See also: An article for the masses ... the small-time investors and savers

Nevertheless, on balance, a global portfolio makes sense — and still does. In addition to the expanded universe of investment options and instruments — stocks, bonds, exchange-traded funds and so on — the diversity allows us to manage exposure and risks to any single country and/or currency. Case in point: The US dollar has gained some 9.2% against the ringgit over the last five years. In other words, our returns in ringgit terms would be higher than headline 23.5% returns for the Global Portfolio. In Ringgit terms, the Global Portfolio outperformed the Malaysian Portfolio.

In summary, having at least some knowledge of what you are investing in will greatly increase the odds for profits and minimise the risks of losses. AbsolutelyStocks provides the financial data and ratios for all companies listed on Bursa and the Singapore Exchange that are critical for your decision-making. For those of you who are not confident enough in your knowledge to pick the stocks, we would advise you to follow the recommendations of analysts or fund managers that you trust or the portfolios of investors with a proven track record of success, such as Buffett. Asia Analytica also maintains two model portfolios that are available for subscribers on Total cumulative returns for the Quality and Income portfolios are 75.1% (compound annual growth rate of 8.8% since March 2016) and 97.8% (CAGR of 9.5% since May 2015) respectively (note that the Income Portfolio is always fully invested). Alternatively, as we wrote last week, you could also profit by doing the opposite of those who are wrong more often than right.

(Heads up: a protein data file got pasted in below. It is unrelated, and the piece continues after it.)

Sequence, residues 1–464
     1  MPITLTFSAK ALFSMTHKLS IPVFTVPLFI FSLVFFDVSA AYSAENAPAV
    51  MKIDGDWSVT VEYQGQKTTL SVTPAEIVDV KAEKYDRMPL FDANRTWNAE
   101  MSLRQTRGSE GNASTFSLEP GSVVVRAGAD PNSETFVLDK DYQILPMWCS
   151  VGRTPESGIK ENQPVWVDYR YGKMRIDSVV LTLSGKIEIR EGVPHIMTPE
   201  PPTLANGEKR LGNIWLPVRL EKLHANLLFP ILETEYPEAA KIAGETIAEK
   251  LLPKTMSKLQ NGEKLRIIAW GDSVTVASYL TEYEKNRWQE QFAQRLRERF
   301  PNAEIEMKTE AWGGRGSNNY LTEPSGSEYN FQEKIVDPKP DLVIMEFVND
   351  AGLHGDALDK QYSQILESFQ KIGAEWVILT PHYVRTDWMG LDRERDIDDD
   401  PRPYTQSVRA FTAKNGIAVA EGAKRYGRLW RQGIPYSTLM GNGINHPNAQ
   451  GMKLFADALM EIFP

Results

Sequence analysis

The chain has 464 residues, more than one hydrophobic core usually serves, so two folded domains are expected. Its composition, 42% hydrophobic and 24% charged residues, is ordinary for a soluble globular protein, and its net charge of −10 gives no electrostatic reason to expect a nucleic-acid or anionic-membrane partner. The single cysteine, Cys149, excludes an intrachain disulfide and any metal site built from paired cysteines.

The Global Portfolio gained 2.9% for the week ended Dec 7, while the benchmark fell 2.4%. The top gainers were Alibaba Group Holding (+6.7%), iShares 20+ Year Treasury Bond ETF (+6.6%) and Global X China Electric Vehicle and Battery ETF (+6.2%). On the other hand, the losers were DBS Group Holdings (-3.8%), Telekom Malaysia (-2.5%) and Guangzhou Automobile Group Co (-1.2%). Total portfolio returns since inception were boosted to 27.1%, though we are still trailing the MSCI World Net Return Index’s 37.3% returns.

Our Chinese stocks have done well in recent weeks. The rally was fuelled by optimism on resumption of economic activities, as the Chinese government relaxed some of its Covid-19 restrictions. And Chinese stocks are oversold, in our view. The share price of Yihai International Holding gained 33% in the last month and it is now trading at 22.1% above our cost price. We decided to lock in some of the profits by disposing of 9,000 shares of Yihai International and used the proceeds and remaining cash to buy NEXT FUNDS Japan Bond NOMURA-BPI ETF. The ETF owns mainly long-dated Japanese government bonds and has an effective duration of 9.4 years.

We think the US dollar strength is close to a peak, with limited near-term rate hikes by the US Federal Reserve. Being one of the worst-performing currencies, the Japanese yen will rebound. We chose the Japanese government bond ETF for its low risk and stable yield of 0.55%.

Click here to view the latest updated portfolio table

Disclaimer: This is a personal portfolio for information purposes only and does not constitute a recommendation or solicitation or expression of views to influence readers to buy/sell stocks, including the particular stocks mentioned herein. It does not take into account an individual investor’s particular financial situation, investment objectives, investment horizon, risk profile and/ or risk preference. Our shareholders, directors and employees may have positions in or may be materially interested in any of the stocks. We may also have or have had dealings with or may provide or have provided content services to the companies mentioned in the reports.